24. It is hard for others to understand what the journey to the precipice of death and back is like, or the ongoing challenges you confront. Accept this fact and move on.
25. Even the most sensitive people will say exceptionally insensitive things. These comments are very painful and extremely difficult to manage with diminished emotional reserves. Do yoga and breathe it out. Let it go. Focus on what serves your higher interest. Always.
26. Laugh every day. It is the best core workout of all.
27. Growing older is a privilege not a curse. This doesn’t mean you have to act your age. Channel your inner 8 year old, it is much more fun the second time round. See #26.
28. Truly revel in and appreciate the extreme depth of love the people in your life have for you and you have for them.
29. Recovery is not linear; transplant is a process.
30. There is no medical procedure more dangerous, more invasive, or more miraculous than a bone marrow transplant. Understand the scope of this and accept the changes it brings in your life.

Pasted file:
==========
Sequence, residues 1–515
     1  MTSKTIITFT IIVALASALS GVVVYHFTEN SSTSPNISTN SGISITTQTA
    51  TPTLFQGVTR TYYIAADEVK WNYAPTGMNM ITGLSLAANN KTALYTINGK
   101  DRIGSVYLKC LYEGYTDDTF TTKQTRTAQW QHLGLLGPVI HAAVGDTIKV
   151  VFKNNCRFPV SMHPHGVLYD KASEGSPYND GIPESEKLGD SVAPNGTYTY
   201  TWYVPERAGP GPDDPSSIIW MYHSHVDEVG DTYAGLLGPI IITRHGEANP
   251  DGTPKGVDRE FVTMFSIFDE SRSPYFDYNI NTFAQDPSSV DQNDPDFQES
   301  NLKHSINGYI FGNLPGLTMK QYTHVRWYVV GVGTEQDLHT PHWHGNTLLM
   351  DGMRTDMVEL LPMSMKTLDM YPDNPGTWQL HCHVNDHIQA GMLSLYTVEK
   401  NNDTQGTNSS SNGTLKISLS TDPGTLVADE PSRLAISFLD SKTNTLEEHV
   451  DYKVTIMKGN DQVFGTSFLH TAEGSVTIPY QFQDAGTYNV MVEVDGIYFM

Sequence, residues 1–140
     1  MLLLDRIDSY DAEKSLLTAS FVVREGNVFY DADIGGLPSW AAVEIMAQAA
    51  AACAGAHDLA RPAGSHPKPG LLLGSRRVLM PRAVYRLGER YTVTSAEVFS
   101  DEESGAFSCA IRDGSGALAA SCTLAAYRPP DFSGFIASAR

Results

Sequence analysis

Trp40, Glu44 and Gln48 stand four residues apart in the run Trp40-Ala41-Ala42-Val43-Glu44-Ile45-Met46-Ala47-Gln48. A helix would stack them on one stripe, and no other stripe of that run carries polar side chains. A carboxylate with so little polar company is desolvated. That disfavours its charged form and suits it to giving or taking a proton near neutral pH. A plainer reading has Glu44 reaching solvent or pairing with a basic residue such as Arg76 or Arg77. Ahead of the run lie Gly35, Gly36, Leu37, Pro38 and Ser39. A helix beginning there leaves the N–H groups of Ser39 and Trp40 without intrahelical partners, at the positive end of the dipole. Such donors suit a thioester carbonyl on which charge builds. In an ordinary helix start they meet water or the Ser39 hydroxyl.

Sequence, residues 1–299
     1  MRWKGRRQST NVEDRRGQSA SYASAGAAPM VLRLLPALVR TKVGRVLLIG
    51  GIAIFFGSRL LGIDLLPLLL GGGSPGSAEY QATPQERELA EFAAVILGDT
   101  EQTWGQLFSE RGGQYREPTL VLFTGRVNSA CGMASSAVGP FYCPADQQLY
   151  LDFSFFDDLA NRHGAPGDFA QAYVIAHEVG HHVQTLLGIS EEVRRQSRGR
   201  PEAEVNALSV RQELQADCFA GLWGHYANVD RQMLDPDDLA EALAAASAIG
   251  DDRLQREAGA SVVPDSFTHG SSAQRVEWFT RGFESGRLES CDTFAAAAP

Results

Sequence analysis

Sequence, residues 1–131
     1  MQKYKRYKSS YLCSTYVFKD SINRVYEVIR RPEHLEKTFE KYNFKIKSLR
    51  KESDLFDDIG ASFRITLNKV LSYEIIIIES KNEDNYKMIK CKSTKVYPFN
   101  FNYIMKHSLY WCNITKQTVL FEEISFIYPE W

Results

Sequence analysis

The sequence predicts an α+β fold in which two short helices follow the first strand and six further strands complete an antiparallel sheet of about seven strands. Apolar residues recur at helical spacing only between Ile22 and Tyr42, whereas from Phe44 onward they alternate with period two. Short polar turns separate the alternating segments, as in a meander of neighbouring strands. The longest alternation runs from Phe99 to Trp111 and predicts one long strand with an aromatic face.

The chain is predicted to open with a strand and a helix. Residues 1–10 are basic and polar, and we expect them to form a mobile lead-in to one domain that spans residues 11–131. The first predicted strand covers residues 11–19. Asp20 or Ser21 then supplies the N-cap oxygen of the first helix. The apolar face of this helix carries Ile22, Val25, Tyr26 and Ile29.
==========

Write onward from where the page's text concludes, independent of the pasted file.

31. One year is only the beginning of the recovery, the physical, emotional, and psychological components will take years to process. It changes you forever.
32. Control what you can control and let everything else go.
33. Strive for balance. Health, work, family, friends, exercise, recreation. Don’t say you don’t have time. You do. You make the time. Period.
34. Never underestimate the power of Providence.
35. You can do anything for 30 seconds. Oh! But I already knew that ;-)
Patty says she is in awe of the people who have been with her in this, and I am awestruck by those folks as well. But I am even more awed by Patty. Clearly, she is winning this fight mostly due to her own courage and perseverance, with some assistance from the doctors, nurses, relatives and friends. I often use the word awesome, but here I really mean it–I am just awed by Patty’s spirit in all of this. I will probably not follow all of these lessons (I think I do #26-27 pretty well and am bad at #7) consistently, but I will try a bit harder. Patty has inspired all those around her. I appreciate her letting me share her lessons as it is better to learn from her than to have to learn these things through experience.